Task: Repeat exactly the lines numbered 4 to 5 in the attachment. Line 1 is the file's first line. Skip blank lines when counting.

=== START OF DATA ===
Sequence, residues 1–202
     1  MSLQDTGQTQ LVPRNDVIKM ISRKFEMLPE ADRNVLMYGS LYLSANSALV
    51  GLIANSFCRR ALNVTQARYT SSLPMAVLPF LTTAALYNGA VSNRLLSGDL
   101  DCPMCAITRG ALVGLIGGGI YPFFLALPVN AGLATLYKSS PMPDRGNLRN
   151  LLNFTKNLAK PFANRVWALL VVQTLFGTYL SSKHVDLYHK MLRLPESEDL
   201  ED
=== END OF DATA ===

   101  DCPMCAITRG ALVGLIGGGI YPFFLALPVN AGLATLYKSS PMPDRGNLRN
   151  LLNFTKNLAK PFANRVWALL VVQTLFGTYL SSKHVDLYHK MLRLPESEDL